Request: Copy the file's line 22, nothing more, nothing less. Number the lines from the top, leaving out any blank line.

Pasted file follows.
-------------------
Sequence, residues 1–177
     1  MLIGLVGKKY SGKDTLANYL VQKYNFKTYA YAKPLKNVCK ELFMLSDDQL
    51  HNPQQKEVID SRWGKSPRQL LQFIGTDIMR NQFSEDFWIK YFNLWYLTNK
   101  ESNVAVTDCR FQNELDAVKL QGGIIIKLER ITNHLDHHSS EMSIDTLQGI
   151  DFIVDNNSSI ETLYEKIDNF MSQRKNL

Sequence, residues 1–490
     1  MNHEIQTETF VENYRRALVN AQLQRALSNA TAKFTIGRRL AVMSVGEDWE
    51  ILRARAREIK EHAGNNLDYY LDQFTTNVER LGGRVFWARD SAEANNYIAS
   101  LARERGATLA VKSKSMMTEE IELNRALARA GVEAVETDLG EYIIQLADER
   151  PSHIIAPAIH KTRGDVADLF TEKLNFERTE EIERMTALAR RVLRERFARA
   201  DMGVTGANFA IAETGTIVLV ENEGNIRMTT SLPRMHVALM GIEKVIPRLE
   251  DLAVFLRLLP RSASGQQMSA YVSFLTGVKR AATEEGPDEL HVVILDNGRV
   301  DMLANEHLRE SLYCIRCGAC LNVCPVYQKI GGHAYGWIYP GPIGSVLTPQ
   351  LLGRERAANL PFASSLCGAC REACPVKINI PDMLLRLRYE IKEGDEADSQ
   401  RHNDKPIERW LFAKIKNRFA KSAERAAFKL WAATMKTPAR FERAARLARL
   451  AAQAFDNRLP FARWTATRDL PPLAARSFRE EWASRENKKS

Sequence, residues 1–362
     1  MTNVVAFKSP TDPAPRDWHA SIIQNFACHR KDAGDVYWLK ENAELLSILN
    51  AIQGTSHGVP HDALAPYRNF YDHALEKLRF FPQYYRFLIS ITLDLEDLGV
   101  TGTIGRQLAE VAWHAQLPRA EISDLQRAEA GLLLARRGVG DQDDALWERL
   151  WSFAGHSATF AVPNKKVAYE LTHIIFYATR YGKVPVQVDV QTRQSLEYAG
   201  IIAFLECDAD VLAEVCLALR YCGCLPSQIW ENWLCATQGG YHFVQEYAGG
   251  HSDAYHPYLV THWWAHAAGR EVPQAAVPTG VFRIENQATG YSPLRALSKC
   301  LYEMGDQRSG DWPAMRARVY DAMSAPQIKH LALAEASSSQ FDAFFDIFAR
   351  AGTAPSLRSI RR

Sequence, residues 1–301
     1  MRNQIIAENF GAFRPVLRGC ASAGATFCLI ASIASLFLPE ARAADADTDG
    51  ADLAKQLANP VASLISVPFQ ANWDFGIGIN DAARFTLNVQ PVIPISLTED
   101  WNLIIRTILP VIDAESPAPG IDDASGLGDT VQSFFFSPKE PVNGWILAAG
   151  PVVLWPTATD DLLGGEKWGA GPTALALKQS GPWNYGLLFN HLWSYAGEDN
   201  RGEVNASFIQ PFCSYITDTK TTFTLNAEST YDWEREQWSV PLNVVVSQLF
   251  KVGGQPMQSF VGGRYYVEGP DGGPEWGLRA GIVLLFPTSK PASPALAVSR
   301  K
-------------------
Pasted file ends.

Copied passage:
   201  IIAFLECDAD VLAEVCLALR YCGCLPSQIW ENWLCATQGG YHFVQEYAGG